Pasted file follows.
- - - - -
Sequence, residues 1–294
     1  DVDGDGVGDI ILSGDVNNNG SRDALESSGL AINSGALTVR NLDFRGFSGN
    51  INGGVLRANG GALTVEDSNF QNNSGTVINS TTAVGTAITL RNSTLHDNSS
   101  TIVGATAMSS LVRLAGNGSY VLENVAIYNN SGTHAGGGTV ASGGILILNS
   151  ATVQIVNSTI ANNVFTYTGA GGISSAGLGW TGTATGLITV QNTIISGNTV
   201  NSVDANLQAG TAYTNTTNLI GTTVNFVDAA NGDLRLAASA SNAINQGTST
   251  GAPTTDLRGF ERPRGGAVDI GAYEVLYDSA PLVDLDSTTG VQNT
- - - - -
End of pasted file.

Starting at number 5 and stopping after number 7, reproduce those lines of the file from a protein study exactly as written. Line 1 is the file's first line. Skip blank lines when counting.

   151  ATVQIVNSTI ANNVFTYTGA GGISSAGLGW TGTATGLITV QNTIISGNTV
   201  NSVDANLQAG TAYTNTTNLI GTTVNFVDAA NGDLRLAASA SNAINQGTST
   251  GAPTTDLRGF ERPRGGAVDI GAYEVLYDSA PLVDLDSTTG VQNT